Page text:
Balance Sheet: I made $359 million of adjustments to calculate invested capital with a net increase of $264 million. One of the largest adjustments was $219 million in operating leases. This adjustment represented 7% of reported net assets. You can see all the adjustments made to CHRW’s balance sheet here.

Valuation: I made $1.6 billion of adjustments with a net effect of decreasing shareholder value by $1.6 billion. There were no adjustments that increased shareholder value. Apart from total debt, which includes the operating leases noted above, the largest adjustment to shareholder value was $104 million in outstanding employee stock options. This adjustment represents 1% of CHRW’s market cap. See all adjustments to CHRW’s valuation here.

Most Dangerous Stocks Feature: Heska Corporation

Heska Corporation (HSKA) is the featured stock from December’s Most Dangerous Stocks Model Portfolio.

HSKA’s NOPAT has declined from $14 million in 2017 to just $4 million TTM, per Figure 2. HSKA’s NOPAT margin has fallen from 11% in 2017 to 3% TTM while ROIC fell from 13% to 3% over the same time.

Figure 2: HSKA’s NOPAT Since 2017

The Good And Bad: C.H. Robinson Worldwide And Heska Corporation

HSKA Falling Profits

New Constructs, LLC

HSKA Provides Poor Risk/Reward

Despite its deteriorating fundamentals, HSKA is still priced for significant profit growth.

To justify its current price of $95/share, HSKA must achieve 2018 NOPAT margins of 7% (compared to 3% TTM) and grow NOPAT by 15% compounded annually for the next 14 years. See the math behind this reverse DCF scenario. This expectation seems overly optimistic given that HSKA’s NOPAT and margins have fallen precipitously in the last two years.

Even if I assume HSKA can achieve a 7% NOPAT margin and grow NOPAT by 8%compounded annually for the next decade, the stock is worth only $33/share today – a 65% downside. See the math behind this reverse DCF scenario.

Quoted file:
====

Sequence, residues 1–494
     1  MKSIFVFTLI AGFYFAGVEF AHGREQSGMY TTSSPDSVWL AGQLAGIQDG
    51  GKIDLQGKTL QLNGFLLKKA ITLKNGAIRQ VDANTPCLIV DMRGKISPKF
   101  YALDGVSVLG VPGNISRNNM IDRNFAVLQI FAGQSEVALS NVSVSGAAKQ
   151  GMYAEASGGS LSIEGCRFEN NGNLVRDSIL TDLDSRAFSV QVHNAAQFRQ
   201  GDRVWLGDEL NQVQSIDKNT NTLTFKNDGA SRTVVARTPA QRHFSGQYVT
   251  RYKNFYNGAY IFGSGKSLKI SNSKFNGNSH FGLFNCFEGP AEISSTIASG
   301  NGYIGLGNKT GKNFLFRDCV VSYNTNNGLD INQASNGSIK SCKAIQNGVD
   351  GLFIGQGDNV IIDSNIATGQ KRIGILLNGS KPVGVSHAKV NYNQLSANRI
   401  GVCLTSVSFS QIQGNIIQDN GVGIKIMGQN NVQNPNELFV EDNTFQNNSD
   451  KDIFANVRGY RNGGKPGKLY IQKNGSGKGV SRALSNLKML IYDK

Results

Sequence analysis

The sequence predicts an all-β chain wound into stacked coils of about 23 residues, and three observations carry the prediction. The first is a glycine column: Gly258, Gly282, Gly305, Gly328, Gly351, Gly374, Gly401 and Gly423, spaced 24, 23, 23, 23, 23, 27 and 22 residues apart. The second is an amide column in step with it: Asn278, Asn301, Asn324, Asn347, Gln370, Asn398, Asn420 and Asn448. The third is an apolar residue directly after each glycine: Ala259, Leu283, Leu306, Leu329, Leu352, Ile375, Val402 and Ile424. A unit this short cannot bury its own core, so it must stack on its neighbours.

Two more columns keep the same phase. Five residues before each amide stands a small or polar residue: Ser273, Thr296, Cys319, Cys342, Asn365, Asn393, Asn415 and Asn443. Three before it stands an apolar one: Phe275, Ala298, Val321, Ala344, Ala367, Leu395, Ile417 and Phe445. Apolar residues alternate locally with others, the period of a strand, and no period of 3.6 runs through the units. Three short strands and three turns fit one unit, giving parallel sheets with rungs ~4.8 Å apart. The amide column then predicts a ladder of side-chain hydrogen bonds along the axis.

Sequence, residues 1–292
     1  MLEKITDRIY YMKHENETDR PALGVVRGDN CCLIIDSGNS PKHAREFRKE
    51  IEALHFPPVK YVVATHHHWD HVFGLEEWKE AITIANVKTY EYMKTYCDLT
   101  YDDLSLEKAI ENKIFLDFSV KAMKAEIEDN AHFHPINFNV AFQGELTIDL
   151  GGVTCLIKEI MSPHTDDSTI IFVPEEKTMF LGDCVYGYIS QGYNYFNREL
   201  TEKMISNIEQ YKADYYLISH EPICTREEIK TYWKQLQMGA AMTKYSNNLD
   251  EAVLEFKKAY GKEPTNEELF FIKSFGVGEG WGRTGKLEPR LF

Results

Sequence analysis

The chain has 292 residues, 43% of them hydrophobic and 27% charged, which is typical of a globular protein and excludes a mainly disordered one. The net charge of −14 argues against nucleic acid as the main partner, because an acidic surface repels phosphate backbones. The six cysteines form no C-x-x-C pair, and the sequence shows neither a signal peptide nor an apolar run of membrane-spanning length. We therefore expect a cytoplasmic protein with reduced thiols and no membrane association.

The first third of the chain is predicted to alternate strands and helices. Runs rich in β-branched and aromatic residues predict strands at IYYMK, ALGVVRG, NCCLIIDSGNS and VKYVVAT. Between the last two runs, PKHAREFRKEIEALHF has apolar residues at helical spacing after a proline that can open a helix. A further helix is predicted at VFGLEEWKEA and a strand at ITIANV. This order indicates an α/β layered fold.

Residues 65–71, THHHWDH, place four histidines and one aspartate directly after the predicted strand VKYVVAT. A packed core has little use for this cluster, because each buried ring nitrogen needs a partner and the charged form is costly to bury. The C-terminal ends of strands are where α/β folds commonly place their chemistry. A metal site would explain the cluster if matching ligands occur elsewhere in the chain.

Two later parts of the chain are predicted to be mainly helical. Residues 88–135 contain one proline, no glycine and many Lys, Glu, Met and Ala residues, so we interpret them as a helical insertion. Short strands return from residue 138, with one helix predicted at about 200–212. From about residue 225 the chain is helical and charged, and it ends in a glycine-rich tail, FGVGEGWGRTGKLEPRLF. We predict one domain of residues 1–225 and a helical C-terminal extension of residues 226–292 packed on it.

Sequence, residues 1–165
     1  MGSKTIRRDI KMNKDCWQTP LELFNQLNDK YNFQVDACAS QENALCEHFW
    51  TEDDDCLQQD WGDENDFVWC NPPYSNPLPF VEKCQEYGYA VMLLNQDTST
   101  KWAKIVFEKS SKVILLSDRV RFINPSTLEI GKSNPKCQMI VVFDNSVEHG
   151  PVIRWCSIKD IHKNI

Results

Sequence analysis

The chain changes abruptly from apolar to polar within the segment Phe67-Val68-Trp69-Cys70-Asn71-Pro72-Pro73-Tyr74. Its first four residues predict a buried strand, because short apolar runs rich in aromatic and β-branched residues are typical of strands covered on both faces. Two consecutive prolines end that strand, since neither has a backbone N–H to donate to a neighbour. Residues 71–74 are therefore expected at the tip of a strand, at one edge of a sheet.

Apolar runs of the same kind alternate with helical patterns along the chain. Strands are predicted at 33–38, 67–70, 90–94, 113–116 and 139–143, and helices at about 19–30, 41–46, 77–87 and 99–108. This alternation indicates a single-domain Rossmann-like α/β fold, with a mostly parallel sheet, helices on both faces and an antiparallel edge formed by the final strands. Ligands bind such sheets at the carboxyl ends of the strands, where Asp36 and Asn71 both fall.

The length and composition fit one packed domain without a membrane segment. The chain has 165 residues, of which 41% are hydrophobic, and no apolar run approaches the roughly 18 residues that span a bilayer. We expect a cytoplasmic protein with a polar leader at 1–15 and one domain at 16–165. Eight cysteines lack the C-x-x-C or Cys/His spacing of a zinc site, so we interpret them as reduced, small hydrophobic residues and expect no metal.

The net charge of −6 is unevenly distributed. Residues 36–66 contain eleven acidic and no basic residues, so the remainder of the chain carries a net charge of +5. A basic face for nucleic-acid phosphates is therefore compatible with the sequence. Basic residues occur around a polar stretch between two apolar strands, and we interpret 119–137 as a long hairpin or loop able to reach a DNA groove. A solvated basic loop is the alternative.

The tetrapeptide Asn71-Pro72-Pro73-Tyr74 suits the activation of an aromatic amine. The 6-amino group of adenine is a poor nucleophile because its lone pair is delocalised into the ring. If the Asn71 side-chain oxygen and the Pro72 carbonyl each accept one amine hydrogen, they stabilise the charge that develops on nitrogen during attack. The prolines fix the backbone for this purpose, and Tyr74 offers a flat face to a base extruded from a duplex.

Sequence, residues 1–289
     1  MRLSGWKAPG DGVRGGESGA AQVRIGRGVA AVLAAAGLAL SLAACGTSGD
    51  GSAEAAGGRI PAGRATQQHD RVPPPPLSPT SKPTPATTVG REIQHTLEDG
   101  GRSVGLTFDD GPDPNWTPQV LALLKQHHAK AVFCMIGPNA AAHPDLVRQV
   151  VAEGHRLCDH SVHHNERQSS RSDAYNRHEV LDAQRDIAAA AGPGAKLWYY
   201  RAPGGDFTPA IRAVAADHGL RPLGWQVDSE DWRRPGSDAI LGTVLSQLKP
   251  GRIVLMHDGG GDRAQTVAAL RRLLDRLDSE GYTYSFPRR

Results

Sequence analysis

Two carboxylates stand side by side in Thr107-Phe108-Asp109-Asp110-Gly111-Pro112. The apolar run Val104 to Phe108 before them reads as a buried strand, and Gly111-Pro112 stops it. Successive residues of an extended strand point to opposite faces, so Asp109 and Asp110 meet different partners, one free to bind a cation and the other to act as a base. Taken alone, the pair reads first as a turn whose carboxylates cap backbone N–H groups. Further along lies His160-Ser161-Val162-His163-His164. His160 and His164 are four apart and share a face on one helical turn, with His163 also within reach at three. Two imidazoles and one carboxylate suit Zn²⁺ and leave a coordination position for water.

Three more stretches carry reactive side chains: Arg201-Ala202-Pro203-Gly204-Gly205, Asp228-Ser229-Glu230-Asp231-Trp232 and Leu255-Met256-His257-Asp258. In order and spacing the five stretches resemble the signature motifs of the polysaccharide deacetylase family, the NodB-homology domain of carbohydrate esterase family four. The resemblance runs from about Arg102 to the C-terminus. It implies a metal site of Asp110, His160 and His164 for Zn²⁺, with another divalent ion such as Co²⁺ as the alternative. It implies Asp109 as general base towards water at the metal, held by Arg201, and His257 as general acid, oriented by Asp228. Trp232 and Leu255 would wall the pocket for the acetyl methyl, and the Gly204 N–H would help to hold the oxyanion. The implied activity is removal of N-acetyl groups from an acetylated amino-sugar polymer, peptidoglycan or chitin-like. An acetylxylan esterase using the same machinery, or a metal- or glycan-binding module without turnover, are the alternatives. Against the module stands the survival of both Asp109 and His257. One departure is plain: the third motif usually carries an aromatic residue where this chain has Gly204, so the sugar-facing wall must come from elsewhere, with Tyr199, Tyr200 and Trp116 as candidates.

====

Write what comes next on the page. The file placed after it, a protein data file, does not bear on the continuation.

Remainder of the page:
Critical Details Found in Financial Filings by My Firm’s Robo-Analyst Technology

As investors focus more on fundamental research, research automation technology is needed to analyze all the critical financial details in financial filings as shown in the Harvard Business School and MIT Sloan paper, “Core Earnings: New Data and Evidence”.

Below are specifics on the adjustments I make based on Robo-Analyst findings in Heska Corporation’s 2018 10-K:

Income Statement: I made $13 million of adjustments, with a net effect of removing $3 million in non-operating expense (2% of revenue). You can see all the adjustments made to HSKA’s income statement here.

Balance Sheet: I made $60 million of adjustments to calculate invested capital with a net decrease of $7 million. One of the largest adjustments was $14 million due to deferred tax assets. This adjustment represented 10% of reported net assets. You can see all the adjustments made to HSKA’s balance sheet here.

Valuation: I made $161 million of adjustments with a net effect of decreasing shareholder value by $12 million. The largest adjustment to shareholder value was $74 million in excess cash. This adjustment represents 10% of HSKA’s market cap. See all adjustments to HSKA’s valuation here.

Disclosure: David Trainer, Kyle Guske II, and Sam McBride receive no compensation to write about any specific stock, style, or theme.

[1] Harvard Business School features the powerful impact of research automation technology in the case New Constructs: Disrupting Fundamental Analysis with Robo-Analysts.

[2] This paper compares my firm’s analytics on a mega cap company to other major providers. The Appendix details exactly how we stack up.